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New faces in the School of International Letters and Cultures

September 18, 2020

ASU’s School of International Letters and Cultures is proud to welcome 10 new faculty members and one postdoctoral scholar in the fall 2020 semester.

These accomplished individuals bring new courses, research interests, and experience to the school as it continues to expand its language and culture offerings. Meet the newest members of the School of International Letters and Cultures:

Britta Ager, assistant professor, classics

Britta Ager

Britta Ager joins the school’s classics program. She received her PhD in classical studies from the University of Michigan. Her research interests include Roman history, ancient agriculture, ritual and magic, and sensory studies.

She has taught at a variety of institutions across the United States, most recently Colorado College.

Hope M. Anderson, clinical assistant professor, Spanish

Hope Anderson

Hope Anderson is joining the Spanish and Portuguese section as its new director of Spanish second language acquisition. She received her PhD in second language acquisition and teaching from the University of Arizona. Her research interests include second language curriculum design and technology. Her first book, "Blended Basic Language Courses: Design, Pedagogy, and Implementation," was published in 2018. Most recently, she was an assistant professor of Spanish at the University of Massachusetts Lowell.

María José Domínguez, instructor, Spanish

Maria Jose Dominguez

María José Domínguez

María José Domínguez joins the Spanish and Portuguese section to teach Spanish. She received her PhD and MA in Spanish from Arizona State University. Her research focuses on cultural studies, literature, pedagogy, female writers, and female fictional characters. She has published in journals such as Ámbitos Feministas and Comedia Performance. She is an editorial assistant to the journal Laberinto. She previously worked as a journalist for El Mundo, the second-largest newspaper in Spain, and has taught around the world. This semester, she will be pursuing certification as a Global Advocate at ASU.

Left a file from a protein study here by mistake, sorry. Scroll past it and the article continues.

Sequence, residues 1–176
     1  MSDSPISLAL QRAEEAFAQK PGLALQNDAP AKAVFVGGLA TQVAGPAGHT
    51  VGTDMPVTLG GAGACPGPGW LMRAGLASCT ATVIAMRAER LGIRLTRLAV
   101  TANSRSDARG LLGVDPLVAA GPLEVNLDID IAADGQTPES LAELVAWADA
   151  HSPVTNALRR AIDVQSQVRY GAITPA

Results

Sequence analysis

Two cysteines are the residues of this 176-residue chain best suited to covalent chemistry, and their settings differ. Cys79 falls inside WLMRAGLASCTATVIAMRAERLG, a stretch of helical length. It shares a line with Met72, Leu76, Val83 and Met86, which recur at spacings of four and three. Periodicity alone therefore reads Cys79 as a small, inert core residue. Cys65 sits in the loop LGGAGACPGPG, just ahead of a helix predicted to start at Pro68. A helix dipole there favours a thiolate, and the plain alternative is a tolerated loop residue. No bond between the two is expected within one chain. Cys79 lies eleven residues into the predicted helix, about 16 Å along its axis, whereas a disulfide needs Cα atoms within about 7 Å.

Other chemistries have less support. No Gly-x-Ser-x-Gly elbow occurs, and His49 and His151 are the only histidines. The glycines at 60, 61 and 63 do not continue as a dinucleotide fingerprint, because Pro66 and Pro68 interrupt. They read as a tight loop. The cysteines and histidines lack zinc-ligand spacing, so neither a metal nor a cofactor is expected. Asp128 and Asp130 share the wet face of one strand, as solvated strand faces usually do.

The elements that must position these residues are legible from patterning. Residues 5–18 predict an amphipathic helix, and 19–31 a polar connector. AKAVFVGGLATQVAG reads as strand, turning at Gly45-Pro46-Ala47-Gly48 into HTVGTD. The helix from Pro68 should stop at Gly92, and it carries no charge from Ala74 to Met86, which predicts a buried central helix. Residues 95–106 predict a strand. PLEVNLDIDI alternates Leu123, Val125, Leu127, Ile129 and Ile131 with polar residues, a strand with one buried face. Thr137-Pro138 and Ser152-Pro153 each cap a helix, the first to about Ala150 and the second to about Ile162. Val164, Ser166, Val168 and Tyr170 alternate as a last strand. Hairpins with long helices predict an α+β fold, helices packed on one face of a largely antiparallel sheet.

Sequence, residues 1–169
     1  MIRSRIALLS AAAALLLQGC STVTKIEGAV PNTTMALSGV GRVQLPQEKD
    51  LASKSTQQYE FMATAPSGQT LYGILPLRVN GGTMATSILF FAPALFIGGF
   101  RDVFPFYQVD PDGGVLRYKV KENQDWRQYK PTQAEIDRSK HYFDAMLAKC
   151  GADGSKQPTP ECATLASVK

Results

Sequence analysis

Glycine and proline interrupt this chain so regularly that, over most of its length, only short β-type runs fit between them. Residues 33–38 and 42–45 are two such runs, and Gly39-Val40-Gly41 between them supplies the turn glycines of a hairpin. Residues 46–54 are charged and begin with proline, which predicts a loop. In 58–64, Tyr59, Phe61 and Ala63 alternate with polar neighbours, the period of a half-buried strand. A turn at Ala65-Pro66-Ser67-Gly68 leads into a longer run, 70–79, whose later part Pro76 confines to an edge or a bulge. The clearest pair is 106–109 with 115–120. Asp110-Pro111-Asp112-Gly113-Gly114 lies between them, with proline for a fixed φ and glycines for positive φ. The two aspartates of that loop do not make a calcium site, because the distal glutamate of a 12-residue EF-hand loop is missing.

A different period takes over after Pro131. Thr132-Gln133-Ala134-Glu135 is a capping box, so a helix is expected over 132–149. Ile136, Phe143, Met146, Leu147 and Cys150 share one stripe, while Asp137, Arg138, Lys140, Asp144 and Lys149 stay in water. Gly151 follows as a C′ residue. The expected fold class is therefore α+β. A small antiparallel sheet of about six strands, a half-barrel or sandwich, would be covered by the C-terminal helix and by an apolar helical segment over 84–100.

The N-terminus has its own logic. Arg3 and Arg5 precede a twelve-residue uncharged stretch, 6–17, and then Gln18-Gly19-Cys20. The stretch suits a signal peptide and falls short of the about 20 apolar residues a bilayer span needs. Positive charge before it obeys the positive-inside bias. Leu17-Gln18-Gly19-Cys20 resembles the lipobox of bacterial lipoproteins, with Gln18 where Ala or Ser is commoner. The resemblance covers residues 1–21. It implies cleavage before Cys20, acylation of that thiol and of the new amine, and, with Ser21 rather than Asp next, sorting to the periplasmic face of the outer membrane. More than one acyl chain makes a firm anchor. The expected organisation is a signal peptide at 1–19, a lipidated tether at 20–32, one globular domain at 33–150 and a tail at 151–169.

Hiroko Hino, instructor, Japanese

Hiroko Hino is joining the school’s East and Southeast Asian section. She received her MA in applied linguistics from the University of Sydney. Her research interests include Japanese language pedagogy, second language acquisition and systemic functional linguistics. She has been teaching for over 30 years in Japan, Australia, and the United States. She previously worked for CET Academic Programs in Osaka, Japan.

Judit Kroo, assistant professor, Japanese

Judit Kroo

Judit Kroo joins the school's East and Southeast Asian section. She was previously a Mellon Postdoctoral Fellow at Vassar College. She received her PhD in Japanese from Stanford University. Her research examines how younger adults use language and embodied practice to contest and re-frame ideologies associated with standard or desirable ways of living. She has published articles in journals such as Language, Culture and Society, The Journal of East Asian Popular Culture, Discourse and Communication, and Pragmatics and Society.

Norma Lopez, instructor, Spanish

Norma Lopez

Norma Lopez is joining the Spanish and Portuguese section. She received her PhD in Spanish literature and culture from Arizona State University. Her research focuses on Indigenous women, particularly the cultural, political and social dimensions of subordination. She has published in the journal Feministas Unidas and has a recent contribution in a monograph on the literary productions of the Bolivian writer Gaby Vallejo. She worked as a Spanish professor in Shenyang, China, for one year as part of a partnership between ASU and Northeastern University to offer a dual degree in Spanish and English for Chinese students.

Natalie Lozinski-Veach, assistant professor,German

Natalie Lozinski Veach

Natalie Lozinski-Veach

Natalie Lozinski-Veach joins the German program. She received her PhD in comparative literature from Brown University. Her research focuses on the intersection between critical aesthetic theory and the environmental humanities, especially animal studies, in 20th-century and 21st-century German and Polish literature. She has published articles in the journal MLN on the poet Paul Celan and the philosopher Walter Benjamin. She has previously taught at Williams College and the University of West Georgia.

Cezar Medeiros, senior lecturer,Portuguese

Cezar Madeiros

Cezar Medeiros is joining the school’s Spanish and Portuguese section. A native of Brazil, he received his PhD in second language acquisition/applied linguistics from Purdue University.